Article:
Rupert Goodwins' Diary

Wednesday 13/4/05To the Copyright Bar in Wapping for our Q1 party, right outside the brooding menace of the News International empire. Wapping is one of those areas of London that seems to have its own psychic microclimate: everything is a degree or two colder, the buildings a touch more threatening and the sense of foreboding just that bit more forebodery.

Wednesday 13/4/05

To the Copyright Bar in Wapping for our Q1 party, right outside the brooding menace of the News International empire. Wapping is one of those areas of London that seems to have its own psychic microclimate: everything is a degree or two colder, the buildings a touch more threatening and the sense of foreboding just that bit more forebodery. The venue itself is typische: slightly dodgy disco, bar staff bravely willing to practice their English, and posters on the wall for Smack — a 'dark fetish/BDSM' night — which we note is timed to kick off just as the Sunday Times editorial team gets off duty. All good fun.

Time was, I'd spend such occasions flirting with colleagues, passing on or making up outrageous gossip, persuading people to spill beans — in general, behaving with happy irresponsibility. But not tonight. No, the high spot of the evening shamefully revolved around technology.

First, some background. I used to review videogames for newspapers, until I realised that if the gaming companies couldn't be bothered to come up with any new ideas to play then I couldn't be bothered to find new things to say. Since then I've been allergic to the entire genre, to the disappointment of various friends and offspring. And when it comes to portable tech, although I'm not quite as cynical here as with gaming it does take a lot to make something stand out from the identikit phones, MP3 players, portable multimedia gubbins and what have you.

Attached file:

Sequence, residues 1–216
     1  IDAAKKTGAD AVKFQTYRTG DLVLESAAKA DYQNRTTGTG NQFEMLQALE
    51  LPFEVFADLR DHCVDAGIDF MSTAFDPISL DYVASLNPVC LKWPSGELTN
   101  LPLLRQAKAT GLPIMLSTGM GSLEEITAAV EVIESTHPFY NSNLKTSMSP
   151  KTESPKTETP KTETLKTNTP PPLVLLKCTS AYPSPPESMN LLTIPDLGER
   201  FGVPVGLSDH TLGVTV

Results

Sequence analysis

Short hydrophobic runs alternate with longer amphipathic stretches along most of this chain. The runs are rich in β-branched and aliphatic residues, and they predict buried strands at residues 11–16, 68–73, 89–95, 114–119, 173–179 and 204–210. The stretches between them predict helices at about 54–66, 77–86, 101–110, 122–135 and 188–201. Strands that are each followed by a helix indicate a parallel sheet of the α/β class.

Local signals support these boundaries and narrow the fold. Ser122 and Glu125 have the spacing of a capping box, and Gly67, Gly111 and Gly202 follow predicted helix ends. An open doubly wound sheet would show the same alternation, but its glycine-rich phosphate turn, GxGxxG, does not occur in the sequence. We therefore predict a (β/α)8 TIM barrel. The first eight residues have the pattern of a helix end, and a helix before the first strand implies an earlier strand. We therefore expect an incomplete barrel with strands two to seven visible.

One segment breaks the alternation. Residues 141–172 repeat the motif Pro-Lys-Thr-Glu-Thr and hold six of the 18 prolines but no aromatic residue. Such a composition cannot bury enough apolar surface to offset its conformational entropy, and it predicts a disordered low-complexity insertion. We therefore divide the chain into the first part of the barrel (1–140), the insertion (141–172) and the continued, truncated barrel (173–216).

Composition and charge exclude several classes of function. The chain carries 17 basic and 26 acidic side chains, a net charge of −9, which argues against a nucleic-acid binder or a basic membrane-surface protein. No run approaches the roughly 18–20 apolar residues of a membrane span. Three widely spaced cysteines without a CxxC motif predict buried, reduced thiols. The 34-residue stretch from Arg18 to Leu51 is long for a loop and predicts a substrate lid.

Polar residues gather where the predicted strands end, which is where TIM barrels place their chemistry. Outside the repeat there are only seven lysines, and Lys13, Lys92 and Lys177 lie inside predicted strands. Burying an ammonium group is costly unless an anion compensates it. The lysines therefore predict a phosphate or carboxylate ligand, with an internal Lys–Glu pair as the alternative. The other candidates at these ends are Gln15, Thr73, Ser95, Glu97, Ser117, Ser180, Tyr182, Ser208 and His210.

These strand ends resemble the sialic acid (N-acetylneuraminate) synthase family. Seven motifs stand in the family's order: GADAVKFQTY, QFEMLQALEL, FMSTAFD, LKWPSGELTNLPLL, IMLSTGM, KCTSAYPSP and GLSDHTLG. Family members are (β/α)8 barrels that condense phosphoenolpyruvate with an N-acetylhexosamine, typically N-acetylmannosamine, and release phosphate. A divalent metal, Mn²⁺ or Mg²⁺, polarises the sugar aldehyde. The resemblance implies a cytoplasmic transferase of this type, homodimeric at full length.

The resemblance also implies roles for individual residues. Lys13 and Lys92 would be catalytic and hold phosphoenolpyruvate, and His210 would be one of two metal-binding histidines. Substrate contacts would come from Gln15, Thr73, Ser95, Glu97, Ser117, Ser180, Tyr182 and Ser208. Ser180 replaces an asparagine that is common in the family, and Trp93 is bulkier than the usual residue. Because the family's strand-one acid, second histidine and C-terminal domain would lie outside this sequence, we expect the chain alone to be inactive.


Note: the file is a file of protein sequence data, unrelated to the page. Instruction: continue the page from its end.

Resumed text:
So I didn't have particularly high hopes for the Sony PlayStation Portable until a colleague pulled one out of his pocket at the party and showed off a few Wipeout moves, followed by some video clips. The whole design is sleek and futuristic in that way I thought Sony had forgotten how to do, it fits in the hands perfectly with all the controls just where they should be. It's smaller and easier to pocket than the pictures make it seem. But all that falls away when you look at the screen, which is as close to having a cinema in your hands as I can imagine. Rudely bright, shamelessly colourful, ridiculously high resolution and pig-whimperingly fast, none of the stats or images of the device will prepare you for the first time you see one in action. Science fiction lives. I want one.

But thank goodness for those proprietary storage formats, which means I won't be able to put my video on the thing. That alone will save me from actually buying one. When that's fixed, then forget the iPod. This is the next must-have gizmo.

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